The series arrives with a freshly minted AVC encoded transfer, but despite this show being barely a year old (if that in some cases) it just…doesn’t look all that great. Good? Sure, it looks good. But the texture details just aren’t there in most instances. Nothing ever really comes alive or pops off the screen…it’s all just very flat. It’s not horrible or anything, and it certainly isn’t really a case of DNR since there’s still a rampant amount of grain on the picture at times, but in the end it just doesn’t really “wow” you as much as other Blu-ray’s in the past have. The audio, a DTS-HD MA 7.1 mix, is the same way. I love that Lionsgate pumps out 7.1 on everything they distribute on Blu-ray, but it’s very superfluous on this show. Rarely does the surround channels or LFE get used (and that only happens when a piece of music is included in the show), but it’s not a real huge issue as the front channel dialogue is always crystal clear anyway.
• “Prepping Nurse Jackie” featurette (10:55, 1080i) – a behind-the-scenes look at the show’s creation including interviews and clips examining the series’ controversial themes
• “All About Edie” featurette (5:26, 1080i) – interviews focusing on Edie Falco and what she brings to “Nurse Jackie”
• “Unsung Heroes” featurette (5:32, 1080i) – examines the nursing profession and compares what makes “Nurse Jackie” a very different show from other medical dramas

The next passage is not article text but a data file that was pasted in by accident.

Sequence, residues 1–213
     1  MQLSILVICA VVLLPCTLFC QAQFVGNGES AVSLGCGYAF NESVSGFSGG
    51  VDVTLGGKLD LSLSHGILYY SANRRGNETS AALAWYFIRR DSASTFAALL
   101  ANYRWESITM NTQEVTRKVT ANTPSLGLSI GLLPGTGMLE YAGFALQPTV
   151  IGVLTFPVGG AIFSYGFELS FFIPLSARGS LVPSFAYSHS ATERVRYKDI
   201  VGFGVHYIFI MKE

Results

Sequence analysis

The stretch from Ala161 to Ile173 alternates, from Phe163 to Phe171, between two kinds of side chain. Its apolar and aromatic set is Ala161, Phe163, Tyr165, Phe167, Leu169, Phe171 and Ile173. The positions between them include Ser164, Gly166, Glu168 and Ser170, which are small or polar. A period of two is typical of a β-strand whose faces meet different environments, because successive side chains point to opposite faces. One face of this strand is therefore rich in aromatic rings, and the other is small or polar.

• “Nurse Stories” (6:58, 480p) – real stories from nurses as seen on Showtime’s website
• Audio commentary with Edie Falco, Creator/Producers Liz Brixius and Linda Wallam and Producer Richie Jackson – on episodes “Pilot,” “Tiny Bubbles,” “Ring Finger,” and “Health Care & Cinema”)
The extras included here are pretty much EPK filler at times, although the four commentaries are definitely worth a listen since you not only get the star of the show involved but also the major creator/producers as well. They’re very informative listens as we get to hear from both sides of the aisle, but as far as the rest of the extras go…they’re pretty forgettable.
Overall despite being a great first season, this Blu-ray can only be recommended as a Rental. The Blu-ray presentation is only just so-so and the extras are nothing you’ll revisit again. In fact, I doubt you’ll get much re-play out of this series either, as it’s pretty much a watch-once and you’re done type thing. Some may want to go back for more and in that case it’s a Recommended set (especially since it’s so cheap—just $20 online as of this writing), but just the casually interested will do well enough with a Netflix drop.
Nurse Jackie – Season 1 is now available on DVD and Blu-ray.